Murals of Downtown Tulsa

Every time I go to downtown Tulsa, I see something new. It’s very exciting for a native Tulsan, like me, to see the growth and progression…..or “Renaissance “and “revival”  would be better terms for it, actually. I grew up hearing about how fabulous downtown Tulsa was in the days of swagger ( like the first half century of the 1900’s.) My mom was a teen in the 1950’s and told us tales of how people dressed up in formal attire to go downtown. Hats, gloves and lipstick were almost a necessity for going downtown. The streets were heavily populated and there was a hustle-bustle of activity.

(Most Tulsans know the following info but for those non-Tulsans, here’s some insight…) Eventually, the shopping activity transferred to Utica Square (when it was built in 1950’s and re-purchased in 1960’s, shopping malls of Southland, Southroads and in 1976, Woodland Hills Mall (Oklahoma’s largest shopping mall). Southland became Promenade Mall in the 80’s and very few stores were left downtown. I remember going to see movies in the late 70’s downtown and popping into a few department stores.  The Williams Center Forum was a groundbreaking center for us. It seemed to have everything- an ice skating rink, a movie theater and several levels of shopping and dining. Ice skating on the weekends to a deejay was a form of entertainment for several of us. Bridesmaids and graduation luncheons were held at The Magic Pan creperie. You could even get your camera film developed at a film developer store in the “Forum”, as we called it. After a decade, approximately, the Forum lost its popularity. People went further south for activity, it seemed. We still occasionally went downtown for concerts or special events in small taverns.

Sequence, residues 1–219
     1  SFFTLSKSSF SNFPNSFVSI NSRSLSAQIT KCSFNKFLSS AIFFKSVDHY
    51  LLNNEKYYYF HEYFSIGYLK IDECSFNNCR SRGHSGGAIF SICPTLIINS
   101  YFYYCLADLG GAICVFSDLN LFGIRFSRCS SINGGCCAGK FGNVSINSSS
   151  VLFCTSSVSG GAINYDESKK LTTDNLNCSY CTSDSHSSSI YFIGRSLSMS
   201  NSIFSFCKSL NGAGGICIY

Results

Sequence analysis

After several years…..slowly, downtown Tulsa saw a turnaround with the addition of a new Cox Convention Center, BOK center, Driller’s Stadium, Guthrie Green, revitalized warehouses and districts, bars, taverns, art galleries, etc. Festivals, Tulsa Tough, Hop Jam, parades, etc. are regular weekend attractions for people to go along with the traditional Mayfest, St. Patrick’s Day block parties, art crawls, food trucks, beer fests, pedicabs, coffeehouses, open mics, spoken word nites, etc.

What excites me even more than the establishments are the delightful new murals that are painted on so many buildings downtown! This feels like a big city to me. It reminds me of what I love about other cities and metropolises and now we have them right here in Tulsa! I think it’s just the punch of color we need amidst all our beautiful, stately architecture. The “street vibe’ of the murals gives downtown Tulsa a youthful and casual feel to balance out all that Art Deco glam.(A headless cowboy and horse was painted on this mural. Kind of thought-provoking!)

What a great combo: historic architecture and casual, whimsical murals….chic, yet, street. There’s no place like home.

photos by Gina

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